Democrats in Albany Propose Giving Illegal Immigrants Access to Aid for College


Published: January 16, 2013

Responding to more than two years of lobbying by immigrants’ advocates, the Democratic majority in the New York State Assembly threw its support on Wednesday behind a comprehensive bill that would make state financial aid available to illegal immigrants at colleges and universities.

The bill would open up several state tuition-assistance programs to illegal immigrants and create a private scholarship fund to help pay for their higher education.

Elements of the legislation had been proposed in piecemeal in past legislative sessions but had not become law. As a result, immigrants’ advocates stepped up their campaign for a more comprehensive and streamlined strategy, centered on a single measure with several provisions.

The Democrats introduced the bill as the immigration debate shifts to the top of the national agenda.

President Obama, who benefited from a record turnout of Latino voters in his re-election in November, has vowed to move quickly on an overhaul of the immigration system, including providing a path to citizenship for most of the estimated 11 million illegal immigrants in the country.

While Democratic state lawmakers are solidly behind the new state bill, Gov. Andrew M. Cuomo, a Democrat, and Republicans in the State Senate have not said whether they would back it.

The Assembly speaker, Sheldon Silver, a Manhattan Democrat, said that just as New York this week became the first state to tighten its gun laws after the Connecticut school massacre, so too should it get out ahead in the debate over immigration policy.

“This is an issue that’s on the national scene and when New York does something, everybody takes notice,” Mr. Silver said in a telephone interview. “I believe it’s important that New York puts this out so everyone can take notice.”

He said the bill was justified because many of the immigrants it was intended to help were brought to the country as young children and had been raised as Americans.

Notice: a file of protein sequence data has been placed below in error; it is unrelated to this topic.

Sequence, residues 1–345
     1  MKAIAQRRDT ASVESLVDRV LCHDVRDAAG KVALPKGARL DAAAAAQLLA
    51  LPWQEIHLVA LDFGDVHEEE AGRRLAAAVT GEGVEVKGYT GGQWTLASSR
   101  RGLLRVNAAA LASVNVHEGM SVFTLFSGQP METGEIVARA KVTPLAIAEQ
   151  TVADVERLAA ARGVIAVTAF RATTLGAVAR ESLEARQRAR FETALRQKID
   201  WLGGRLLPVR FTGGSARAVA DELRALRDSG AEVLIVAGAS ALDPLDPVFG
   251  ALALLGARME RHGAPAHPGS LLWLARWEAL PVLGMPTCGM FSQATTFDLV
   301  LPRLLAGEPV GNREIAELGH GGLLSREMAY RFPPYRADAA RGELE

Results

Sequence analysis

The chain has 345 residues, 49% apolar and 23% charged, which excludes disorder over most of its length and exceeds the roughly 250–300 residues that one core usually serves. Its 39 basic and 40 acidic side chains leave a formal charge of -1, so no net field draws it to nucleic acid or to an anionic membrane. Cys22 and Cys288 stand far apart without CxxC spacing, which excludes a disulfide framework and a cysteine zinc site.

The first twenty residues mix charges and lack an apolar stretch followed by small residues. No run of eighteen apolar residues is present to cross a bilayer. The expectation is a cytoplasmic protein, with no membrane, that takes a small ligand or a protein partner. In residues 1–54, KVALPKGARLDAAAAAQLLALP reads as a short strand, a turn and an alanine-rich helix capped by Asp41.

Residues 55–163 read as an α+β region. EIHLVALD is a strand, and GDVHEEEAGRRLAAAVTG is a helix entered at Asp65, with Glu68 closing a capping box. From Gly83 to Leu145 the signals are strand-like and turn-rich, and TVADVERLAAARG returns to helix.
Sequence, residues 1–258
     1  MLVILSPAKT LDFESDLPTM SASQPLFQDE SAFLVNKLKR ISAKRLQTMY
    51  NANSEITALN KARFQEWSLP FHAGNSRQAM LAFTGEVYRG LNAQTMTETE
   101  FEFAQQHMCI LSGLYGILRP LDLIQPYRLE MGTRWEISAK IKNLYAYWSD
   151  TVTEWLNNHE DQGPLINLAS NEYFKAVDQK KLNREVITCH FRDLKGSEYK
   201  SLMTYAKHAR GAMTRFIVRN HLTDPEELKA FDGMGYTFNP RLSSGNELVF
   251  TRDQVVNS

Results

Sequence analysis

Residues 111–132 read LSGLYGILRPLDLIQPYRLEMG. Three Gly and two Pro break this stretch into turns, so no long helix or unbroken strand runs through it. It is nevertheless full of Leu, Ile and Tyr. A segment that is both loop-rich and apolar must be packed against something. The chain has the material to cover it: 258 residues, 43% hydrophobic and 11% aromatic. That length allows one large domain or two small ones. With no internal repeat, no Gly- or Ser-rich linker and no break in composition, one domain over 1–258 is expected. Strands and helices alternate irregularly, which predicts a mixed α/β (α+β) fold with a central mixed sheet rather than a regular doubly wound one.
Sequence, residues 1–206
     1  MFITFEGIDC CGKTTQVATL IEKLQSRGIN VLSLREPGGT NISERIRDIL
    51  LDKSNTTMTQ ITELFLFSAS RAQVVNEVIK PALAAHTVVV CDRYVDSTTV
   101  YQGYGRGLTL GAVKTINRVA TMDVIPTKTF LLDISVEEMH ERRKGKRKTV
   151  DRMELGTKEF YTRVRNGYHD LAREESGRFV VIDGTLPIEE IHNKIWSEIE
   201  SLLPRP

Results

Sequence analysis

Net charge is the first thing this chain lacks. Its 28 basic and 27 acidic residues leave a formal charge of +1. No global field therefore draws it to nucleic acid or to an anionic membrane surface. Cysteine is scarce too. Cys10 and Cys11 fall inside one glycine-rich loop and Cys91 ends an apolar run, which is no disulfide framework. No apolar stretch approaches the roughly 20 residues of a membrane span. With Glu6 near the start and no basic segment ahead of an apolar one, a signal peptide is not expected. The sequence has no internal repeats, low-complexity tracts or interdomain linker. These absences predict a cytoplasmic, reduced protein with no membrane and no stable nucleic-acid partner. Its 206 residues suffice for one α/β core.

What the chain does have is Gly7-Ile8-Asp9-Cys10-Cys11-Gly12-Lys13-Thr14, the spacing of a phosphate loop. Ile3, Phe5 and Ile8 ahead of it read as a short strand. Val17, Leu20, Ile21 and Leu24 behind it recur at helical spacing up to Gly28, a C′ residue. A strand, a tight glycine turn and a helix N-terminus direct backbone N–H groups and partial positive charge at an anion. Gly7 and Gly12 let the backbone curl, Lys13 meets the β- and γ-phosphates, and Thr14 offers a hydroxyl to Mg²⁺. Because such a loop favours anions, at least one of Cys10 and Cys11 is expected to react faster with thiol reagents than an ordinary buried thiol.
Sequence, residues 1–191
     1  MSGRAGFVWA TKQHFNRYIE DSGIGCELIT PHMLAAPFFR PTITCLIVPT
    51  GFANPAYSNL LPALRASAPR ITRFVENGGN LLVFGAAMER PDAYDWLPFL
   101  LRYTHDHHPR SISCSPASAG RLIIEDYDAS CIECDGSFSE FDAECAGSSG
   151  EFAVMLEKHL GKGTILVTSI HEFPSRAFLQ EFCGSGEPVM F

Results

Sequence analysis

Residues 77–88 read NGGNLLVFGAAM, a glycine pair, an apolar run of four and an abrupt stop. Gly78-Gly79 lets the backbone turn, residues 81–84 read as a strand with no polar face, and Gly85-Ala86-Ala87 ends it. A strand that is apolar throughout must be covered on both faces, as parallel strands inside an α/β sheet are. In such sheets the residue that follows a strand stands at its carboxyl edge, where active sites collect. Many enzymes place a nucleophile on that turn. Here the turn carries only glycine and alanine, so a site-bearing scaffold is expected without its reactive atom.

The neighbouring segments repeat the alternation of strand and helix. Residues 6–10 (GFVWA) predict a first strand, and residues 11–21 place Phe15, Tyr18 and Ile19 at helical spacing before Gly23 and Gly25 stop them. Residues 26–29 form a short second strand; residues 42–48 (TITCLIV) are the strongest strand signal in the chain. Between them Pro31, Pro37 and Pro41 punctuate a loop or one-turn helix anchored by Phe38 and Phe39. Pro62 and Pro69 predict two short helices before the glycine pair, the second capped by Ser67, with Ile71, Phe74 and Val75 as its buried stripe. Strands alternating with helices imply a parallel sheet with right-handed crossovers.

“They know no other country, they came as infants, they should have equal access,” he said. “It’s about fairness.”
If the bill passes, New York would become the fourth state — after Texas, New Mexico and California — to offer state financial aid to illegal immigrants. Since 2002, illegal immigrants have been allowed to pay in-state tuition at state universities in New York.

The bill would require that illegal immigrants satisfy certain conditions to become eligible for tuition-assistance programs, including having attended a high school in New York for at least two years and having graduated or received an equivalency certificate in the state. In addition, students would need to have lived with parents or guardians while they attended high school.

The bill, called the Dream Act, borrows its name from a piece of federal legislation, stalled in Congress, that provides a path to citizenship for illegal immigrants. Unlike the federal bill, the state measure would not offer young immigrants a chance to gain legal status.

Immigrants’ advocates urged state lawmakers to act swiftly on it.

“On substance, it’s good because it puts all the ideas in one bill, and politically, it’s great because it’s clear where the leadership is,” said Chung-Wha Hong, executive director of theNew York Immigration Coalition.

It is not clear how the State Senate, which is controlled by a coalition of Republicans and an independent faction of Democrats, will respond to the measure.

Representatives from a group of immigrant advocacy groups are scheduled to meet with a senior aide to Governor Cuomo in two weeks to discuss the bill and other legislative issues.